Frank Kameny was certainly not known to be a technophile, but rather a slow and reluctant adopter of modern communication technologies. Until his death last month, the pioneering gay and lesbian freedom advocate was still using a Web TV connection for Internet access and an archetypal word processor for the limited electronic correspondence he undertook. Unlike most of us, not a single Apple product graced his daily life.
Nonetheless, he and Apple co-founder and, until shortly before his death within a week of Kameny’s, company CEO Steve Jobs shared a number of things in common.
Not the least of these was their undeniable influence — albeit profoundly direct and largely indirect, respectively — on the acceptance of LGBT equality and the civil rights we enjoy today.
Apple’s market share and stock price seem to continue to rise in tandem with the growing acknowledgment of our humanity. More than that, though, is the now increasingly universal belief that cultural change — whether in the form of human convenience technology or acceptance of those different from us — is both cool and good, and that it “just works” to the benefit of all.
Growing up in a less enlightened time, who among us doesn’t remember the colorful rainbow-stripe-infused Apple logo or the advertising suggestion to “think different?” In a world where being different came with a price equivalent to the higher dollar amount associated with the brand and the value of its products, many of us found ourselves rooting for the spunky computer outlier on market differentiation alone.
Even the iconic Apple “1984” television commercial — which famously aired only one time, during that year’s Super Bowl — struck a chord with those of us yearning to break free of the sexual conformity that was at the heart of our societal alienation.
An affinity for the nonconformist Apple also developed easily and naturally for a disenfranchised community appreciative of the sense of style and “otherness” of its products. Simplicity, ease of use and intuitiveness were welcomed qualities in a world that offered little of that for our own lives.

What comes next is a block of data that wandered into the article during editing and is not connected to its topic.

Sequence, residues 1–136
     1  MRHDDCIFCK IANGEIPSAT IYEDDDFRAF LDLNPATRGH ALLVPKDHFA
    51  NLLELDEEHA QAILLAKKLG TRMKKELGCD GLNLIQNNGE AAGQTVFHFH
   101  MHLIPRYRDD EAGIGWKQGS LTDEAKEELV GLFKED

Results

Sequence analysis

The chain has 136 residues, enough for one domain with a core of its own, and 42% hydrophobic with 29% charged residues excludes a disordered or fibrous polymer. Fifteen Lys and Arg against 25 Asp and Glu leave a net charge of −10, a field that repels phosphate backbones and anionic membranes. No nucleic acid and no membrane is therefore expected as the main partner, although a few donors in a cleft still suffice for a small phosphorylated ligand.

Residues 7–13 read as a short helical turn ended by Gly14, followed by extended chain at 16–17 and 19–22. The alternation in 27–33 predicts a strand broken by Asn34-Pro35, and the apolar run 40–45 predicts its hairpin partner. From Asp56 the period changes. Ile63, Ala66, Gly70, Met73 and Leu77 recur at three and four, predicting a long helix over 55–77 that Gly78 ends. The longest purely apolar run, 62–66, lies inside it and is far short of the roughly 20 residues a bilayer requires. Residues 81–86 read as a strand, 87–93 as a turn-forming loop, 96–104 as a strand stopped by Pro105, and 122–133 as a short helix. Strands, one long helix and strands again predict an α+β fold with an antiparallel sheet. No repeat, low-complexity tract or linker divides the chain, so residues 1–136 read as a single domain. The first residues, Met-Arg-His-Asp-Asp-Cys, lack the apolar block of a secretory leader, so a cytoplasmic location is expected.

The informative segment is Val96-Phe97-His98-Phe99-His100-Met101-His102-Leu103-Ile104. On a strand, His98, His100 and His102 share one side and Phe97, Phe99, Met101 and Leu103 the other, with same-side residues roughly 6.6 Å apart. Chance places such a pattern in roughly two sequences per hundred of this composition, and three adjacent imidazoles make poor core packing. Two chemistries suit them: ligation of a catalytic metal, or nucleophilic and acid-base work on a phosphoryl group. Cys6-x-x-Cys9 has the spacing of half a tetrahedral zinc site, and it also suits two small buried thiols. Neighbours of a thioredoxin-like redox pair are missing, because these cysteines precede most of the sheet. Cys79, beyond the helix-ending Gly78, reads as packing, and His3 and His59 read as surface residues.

Not only were we then — more so than now — proud of our collective “renegade” status and reputation as early adapters of things new and bold and cutting-edge, but Apple’s machines were integral components of many a gay or lesbian work life in design, art, publishing, fashion, music, architecture, communication and other creative pursuits.
Cultural evolution springs from many wells and the reinforcement from respected sources that diversity is a reality and the embrace of it is right always packs a punch. Apple’s perfect score of 100 and high ranking among the Fortune 1000, on the Human Rights Campaign Corporate Equality Index and inclusion on HRC’s 2011 “Best Places to Work” list is commended by all of us who pilgrimage to one of the corporation’s “Temple of Shiny New Objects” retail stores.
With new Apple CEO Tim Cook — honored as the most influential gay or lesbian person on this year’s fifth annual Out magazine “Power 50” list — now at the helm, the LGBT community shares a refreshed affinity with the world’s leading tech company and innovator.
Frank Kameny taught both our community and the world that “gay is good” and Steve Jobs instructed all of us that being outside the mainstream could be “insanely great!”
These two public personalities also shared other traits on their distinguished paths — certainty in their convictions, single-mindedness of their focus, commitment to their goals and an unwavering belief in new possibilities.
We owe a heartfelt debt of gratitude to both of them for the ways they changed our lives and the world around them.
Mark Lee is a local small business manager and long-time community business advocate. Reach him at OurBusinessMatters@gmail.com.